Teach Your Teen Entrepreneurial Skill: Creativity and Innovation.
“Things are only impossible until they’re not.” – Jean-Luc Picard as Captain James T
. Kirk, Star Trek.
Entrepreneurs have the unique ability to see the world and figure out a way to improve it by inventing something new or improving a product or service to something better. They thrive in solving complex problems with creative solutions. Creativity is the building block to their empires. Can you imagine a world without personal computers, smart phones, cars, apps, or your favourite street hawker center with food selections that seem to get better and better?
Children are one of the most imaginative creatures in the universe. Leave a child alone for a few minutes and when you come back, it would have devised a way to relieve itself of boredom. The child might explore his or her surroundings, invent a game, or use the materials lying around for entertainment. All without adult intervention.
So how do you develop a child’s innate creativity? Here are some ways:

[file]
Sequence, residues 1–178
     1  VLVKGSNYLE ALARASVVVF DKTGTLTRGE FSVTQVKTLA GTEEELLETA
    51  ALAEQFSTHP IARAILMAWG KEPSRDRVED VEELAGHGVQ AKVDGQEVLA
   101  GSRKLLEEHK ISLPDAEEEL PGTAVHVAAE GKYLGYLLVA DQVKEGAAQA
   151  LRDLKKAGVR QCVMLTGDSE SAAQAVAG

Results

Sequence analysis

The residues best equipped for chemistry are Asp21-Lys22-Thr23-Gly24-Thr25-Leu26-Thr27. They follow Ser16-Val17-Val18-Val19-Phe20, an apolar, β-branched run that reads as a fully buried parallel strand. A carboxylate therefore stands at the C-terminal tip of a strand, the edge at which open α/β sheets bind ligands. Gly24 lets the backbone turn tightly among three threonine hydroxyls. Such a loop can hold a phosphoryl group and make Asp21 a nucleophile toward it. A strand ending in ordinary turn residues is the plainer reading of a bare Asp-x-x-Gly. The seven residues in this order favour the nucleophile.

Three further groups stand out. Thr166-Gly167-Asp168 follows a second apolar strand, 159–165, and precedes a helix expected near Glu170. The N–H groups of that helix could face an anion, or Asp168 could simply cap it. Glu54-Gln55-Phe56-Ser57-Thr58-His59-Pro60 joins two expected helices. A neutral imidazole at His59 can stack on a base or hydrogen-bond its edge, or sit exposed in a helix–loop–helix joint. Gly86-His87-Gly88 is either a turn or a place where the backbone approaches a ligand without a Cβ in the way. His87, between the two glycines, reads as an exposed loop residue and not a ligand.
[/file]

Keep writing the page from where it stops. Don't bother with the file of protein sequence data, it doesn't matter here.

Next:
- Provide them with resources. You can start providing them with the necessary tools to express their ideas. If they’re visual, try giving them colouring books and drawing tools, or beads and clay. If they love to cook, provide them with the ingredients to make easy (or complicated) dishes they can make for the family. Enrichment classes on the arts or business also help. Sometimes, the best resource you can give is the time and support to listen to their ideas, and asking them the right questions to guide them towards workable solutions.
- Encourage them to try – and make mistakes and fail. Adults are often paralysed by rules and the high stakes of failure which is why we are afraid to start. Children are more fearless. Encouraging them to try and letting them know it is alright to fail lets them know it is alright to explore their options.
- Encourage them to explore. Creativity and innovative ideas come at random times – a game, a visit to the restaurant, a walk at the park, a family trip or inside the classroom. Exploring life gives them more ideas they can mine in the future.
- Don’t reward them for exhibiting creativity. While it is really amazing how children can be very creative, incentivising their creative process can lower the quality of their work and effort. They also become less flexible in their ideas. Children have to develop mastery in the activities they are motivated to be in and the reward of fulfillment will come soon enough.
- Focus on the process and not the achievement. Ask questions about the process, like how they did this, or that. You can also ask if they had fun and show their finished product. This also shows that you care about what they do instead of just what glory they can bring.